Specialties: Strategic and Tactical growth for Membership Organizations, Business Management & Development


A property manager friend of mine recently asked me what he can do to make sure his business is a success. He’s feeling behind the eight ball right now, not just with all the talk of a possible recession, but with the day-to- day grind of running a business. I told him I had two pieces of good news:


  1. There are three things he can do, right now, to significantly increase his opportunity for success.
  2. Those three things will make him feel less like he’s behind the eight ball and more like he’s behind the wheel.

If you’re not a property manager, please read on! These tactics work regardless of industry and regardless of whether you’re running a business, a department or division within a business, or a team of any size.

#1. Create a Routine

Studies show that having a routine for kids around bedtime, meals, homework, and activities is good for them. This is because routine gives kids a sense of comfort and safety through predictability; regardless of what else happens in the day, they know there are things they can rely on: Mom will pick me up from school; I play soccer at 4 p.m.; I always brush my teeth and get a story before bed.

Having touchpoints isn’t just good for kids; it’s good for adults, too. We’re all juggling a lot of balls, and we might get a new one tossed at us any time. By establishing a routine, we inject some predictability into our lives, build healthy habits, and decrease stress and anxiety.

I know this isn’t like reserving five minutes at night to brush your teeth; establishing a routine in a busy adult isn’t a piece of cake. It requires us to believe in the value of routine and to defend it.

We can do this! Before I tell you about how to create a routine, let me share Bonnie’s story. Bonnie was being pulled in too many directions, and she was struggling with accuracy in her detail-sensitive work. I helped her establish a routine by blocking out specific times during the day to close her door and work on policies. At first, it was hard for Bonnie and her team; they were used to her being available all the time. But as they created a habit around this new routine, a truly wonderful thing happened: Bonnie’s work accuracy and speed went through the roof, her team started working more closely to support each other when she wasn’t available, and the stress level in the office plummeted.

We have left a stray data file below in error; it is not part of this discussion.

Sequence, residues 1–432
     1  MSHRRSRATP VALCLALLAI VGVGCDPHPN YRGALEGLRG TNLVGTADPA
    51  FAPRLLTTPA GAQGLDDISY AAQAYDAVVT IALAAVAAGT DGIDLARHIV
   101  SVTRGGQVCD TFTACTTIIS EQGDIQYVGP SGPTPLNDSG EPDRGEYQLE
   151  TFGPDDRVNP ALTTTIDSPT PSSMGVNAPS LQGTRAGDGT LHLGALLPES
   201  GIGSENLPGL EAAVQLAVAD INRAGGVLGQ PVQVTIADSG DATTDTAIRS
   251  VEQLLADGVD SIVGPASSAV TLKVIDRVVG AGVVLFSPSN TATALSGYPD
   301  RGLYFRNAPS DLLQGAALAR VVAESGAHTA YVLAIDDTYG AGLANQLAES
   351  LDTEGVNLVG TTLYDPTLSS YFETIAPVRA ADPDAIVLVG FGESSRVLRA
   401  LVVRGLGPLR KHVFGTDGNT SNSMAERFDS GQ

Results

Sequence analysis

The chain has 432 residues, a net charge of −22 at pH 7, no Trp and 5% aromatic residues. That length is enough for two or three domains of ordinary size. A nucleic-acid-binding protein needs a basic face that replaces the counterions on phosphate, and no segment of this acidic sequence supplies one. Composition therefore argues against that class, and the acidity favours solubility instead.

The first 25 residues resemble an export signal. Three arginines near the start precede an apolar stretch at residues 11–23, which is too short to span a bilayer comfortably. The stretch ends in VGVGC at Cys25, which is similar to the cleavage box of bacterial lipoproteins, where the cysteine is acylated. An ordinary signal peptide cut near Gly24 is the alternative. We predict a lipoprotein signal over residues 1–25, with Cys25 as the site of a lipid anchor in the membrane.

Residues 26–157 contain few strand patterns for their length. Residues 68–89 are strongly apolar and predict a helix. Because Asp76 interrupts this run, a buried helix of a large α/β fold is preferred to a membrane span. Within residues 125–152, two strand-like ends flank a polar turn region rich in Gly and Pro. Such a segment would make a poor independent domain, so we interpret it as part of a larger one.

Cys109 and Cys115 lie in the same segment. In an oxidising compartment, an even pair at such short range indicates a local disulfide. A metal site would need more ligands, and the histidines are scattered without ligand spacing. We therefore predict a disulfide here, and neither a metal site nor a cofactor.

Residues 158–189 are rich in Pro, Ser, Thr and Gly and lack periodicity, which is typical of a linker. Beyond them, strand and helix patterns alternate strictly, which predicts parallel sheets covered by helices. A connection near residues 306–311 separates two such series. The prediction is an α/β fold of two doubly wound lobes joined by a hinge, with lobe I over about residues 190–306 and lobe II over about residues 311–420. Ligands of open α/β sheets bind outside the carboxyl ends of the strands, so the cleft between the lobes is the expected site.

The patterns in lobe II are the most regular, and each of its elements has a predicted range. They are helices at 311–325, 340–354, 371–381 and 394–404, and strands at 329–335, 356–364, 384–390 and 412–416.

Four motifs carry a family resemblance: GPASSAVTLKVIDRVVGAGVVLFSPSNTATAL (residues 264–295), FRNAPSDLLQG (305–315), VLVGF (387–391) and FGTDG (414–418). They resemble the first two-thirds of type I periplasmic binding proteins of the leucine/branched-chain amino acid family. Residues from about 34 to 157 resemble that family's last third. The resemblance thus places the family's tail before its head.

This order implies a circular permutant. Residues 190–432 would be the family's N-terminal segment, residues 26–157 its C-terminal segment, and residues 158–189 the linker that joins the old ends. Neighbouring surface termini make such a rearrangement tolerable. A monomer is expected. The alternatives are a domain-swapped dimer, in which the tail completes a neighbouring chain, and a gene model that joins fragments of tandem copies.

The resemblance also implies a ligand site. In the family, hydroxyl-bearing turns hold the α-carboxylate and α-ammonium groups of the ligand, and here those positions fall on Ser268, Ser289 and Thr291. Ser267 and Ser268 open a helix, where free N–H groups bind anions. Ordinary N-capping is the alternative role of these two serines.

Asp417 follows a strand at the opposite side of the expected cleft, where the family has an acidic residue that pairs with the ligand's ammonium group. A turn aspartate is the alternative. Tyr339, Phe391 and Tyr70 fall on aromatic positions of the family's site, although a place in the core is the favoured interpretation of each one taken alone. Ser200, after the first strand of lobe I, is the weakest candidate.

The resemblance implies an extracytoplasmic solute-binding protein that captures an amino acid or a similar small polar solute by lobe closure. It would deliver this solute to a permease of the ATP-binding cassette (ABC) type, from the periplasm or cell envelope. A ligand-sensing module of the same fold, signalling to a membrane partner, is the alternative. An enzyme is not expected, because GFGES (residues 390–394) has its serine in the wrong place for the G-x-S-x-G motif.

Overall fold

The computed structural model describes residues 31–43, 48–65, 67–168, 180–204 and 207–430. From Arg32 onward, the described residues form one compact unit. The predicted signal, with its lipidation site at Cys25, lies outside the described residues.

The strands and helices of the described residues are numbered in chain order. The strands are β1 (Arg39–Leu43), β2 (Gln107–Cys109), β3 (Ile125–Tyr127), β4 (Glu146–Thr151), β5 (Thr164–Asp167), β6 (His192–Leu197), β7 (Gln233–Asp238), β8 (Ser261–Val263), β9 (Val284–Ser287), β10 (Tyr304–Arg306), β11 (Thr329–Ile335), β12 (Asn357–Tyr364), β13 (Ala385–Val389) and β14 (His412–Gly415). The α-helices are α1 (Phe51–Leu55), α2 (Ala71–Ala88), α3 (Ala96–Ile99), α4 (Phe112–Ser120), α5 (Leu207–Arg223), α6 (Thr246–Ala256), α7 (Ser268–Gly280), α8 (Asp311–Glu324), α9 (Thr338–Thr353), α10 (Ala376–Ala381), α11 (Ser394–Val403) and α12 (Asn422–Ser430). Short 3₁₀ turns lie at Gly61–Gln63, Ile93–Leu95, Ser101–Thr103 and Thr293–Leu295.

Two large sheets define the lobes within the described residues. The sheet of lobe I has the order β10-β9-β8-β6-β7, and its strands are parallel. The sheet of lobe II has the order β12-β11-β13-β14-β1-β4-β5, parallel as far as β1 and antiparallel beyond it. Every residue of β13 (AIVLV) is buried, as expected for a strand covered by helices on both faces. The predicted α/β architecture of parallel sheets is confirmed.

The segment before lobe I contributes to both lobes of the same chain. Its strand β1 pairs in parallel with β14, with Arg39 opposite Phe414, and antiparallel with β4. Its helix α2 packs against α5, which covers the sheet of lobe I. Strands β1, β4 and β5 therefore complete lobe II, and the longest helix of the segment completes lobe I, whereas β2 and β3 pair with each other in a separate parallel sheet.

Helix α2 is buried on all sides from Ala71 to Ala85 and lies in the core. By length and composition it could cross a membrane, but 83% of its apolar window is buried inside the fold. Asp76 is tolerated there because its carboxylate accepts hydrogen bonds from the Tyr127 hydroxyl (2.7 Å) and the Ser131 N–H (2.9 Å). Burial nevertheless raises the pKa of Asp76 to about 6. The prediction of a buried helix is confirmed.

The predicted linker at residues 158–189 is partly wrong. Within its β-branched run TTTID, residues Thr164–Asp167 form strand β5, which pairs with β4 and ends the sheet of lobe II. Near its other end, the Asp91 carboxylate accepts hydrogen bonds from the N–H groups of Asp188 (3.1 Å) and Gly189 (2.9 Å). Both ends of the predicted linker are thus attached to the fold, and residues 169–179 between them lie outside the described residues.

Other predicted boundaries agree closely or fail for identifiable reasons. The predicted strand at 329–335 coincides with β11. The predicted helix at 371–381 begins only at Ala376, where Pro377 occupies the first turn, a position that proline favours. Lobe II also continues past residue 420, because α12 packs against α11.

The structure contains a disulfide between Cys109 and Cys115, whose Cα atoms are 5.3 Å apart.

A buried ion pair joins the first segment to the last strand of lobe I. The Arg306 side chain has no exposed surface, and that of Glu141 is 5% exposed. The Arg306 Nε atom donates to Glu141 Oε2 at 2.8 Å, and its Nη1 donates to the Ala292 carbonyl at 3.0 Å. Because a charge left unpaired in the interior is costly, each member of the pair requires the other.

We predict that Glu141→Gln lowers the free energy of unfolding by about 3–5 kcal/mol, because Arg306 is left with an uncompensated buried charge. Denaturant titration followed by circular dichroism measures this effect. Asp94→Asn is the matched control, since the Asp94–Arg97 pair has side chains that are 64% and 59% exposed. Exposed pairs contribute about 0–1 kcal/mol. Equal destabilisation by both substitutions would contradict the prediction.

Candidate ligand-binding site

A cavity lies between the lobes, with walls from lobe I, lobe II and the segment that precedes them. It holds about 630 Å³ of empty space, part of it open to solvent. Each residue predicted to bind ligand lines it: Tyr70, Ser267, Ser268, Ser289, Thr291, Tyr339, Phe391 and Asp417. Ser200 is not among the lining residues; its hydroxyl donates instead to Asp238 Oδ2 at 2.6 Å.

To capture the power of routine, look at tasks you do on a monthly, weekly and daily basis, and build a schedule around those. For instance, a property manager’s schedule might include these recurring tasks:

  • Monthly:
    • 3rd day of the month: Send out
    • 15th: Finish up make-ready.
    • 25th: Finalize evictions and
  • Weekly:
    • Monday: Go through workorders that came in over the weekend or are escalated from last week.
    • Tuesday: Meet with maintenance team to assign
    • Thursday: Meet with maintenance team to discuss status of workorders and work through challenges.
  • Daily:
    • 8 m.: Make the day’s to-do list and communicate new priorities to team.
    • 10 m.: Check in with team to see what support they need.
    • 2 m.: Take a break.


You’ll notice that we’re not scheduling every second of every day, week or month. We’re saving a space for repetitive tasks, so we’re ready for them. For example, let’s look at what I call Maintenance Monday: In the property management world, a property manager comes into the office every Monday to a pile of messages about what broke over the weekend. They also have a list of workorders that weren’t completed the previous week. Whatever the version of this is in your business, it is predictable. By preparing for it and blocking time to address it when you know it will arise, you will process through it more quickly and with less stress.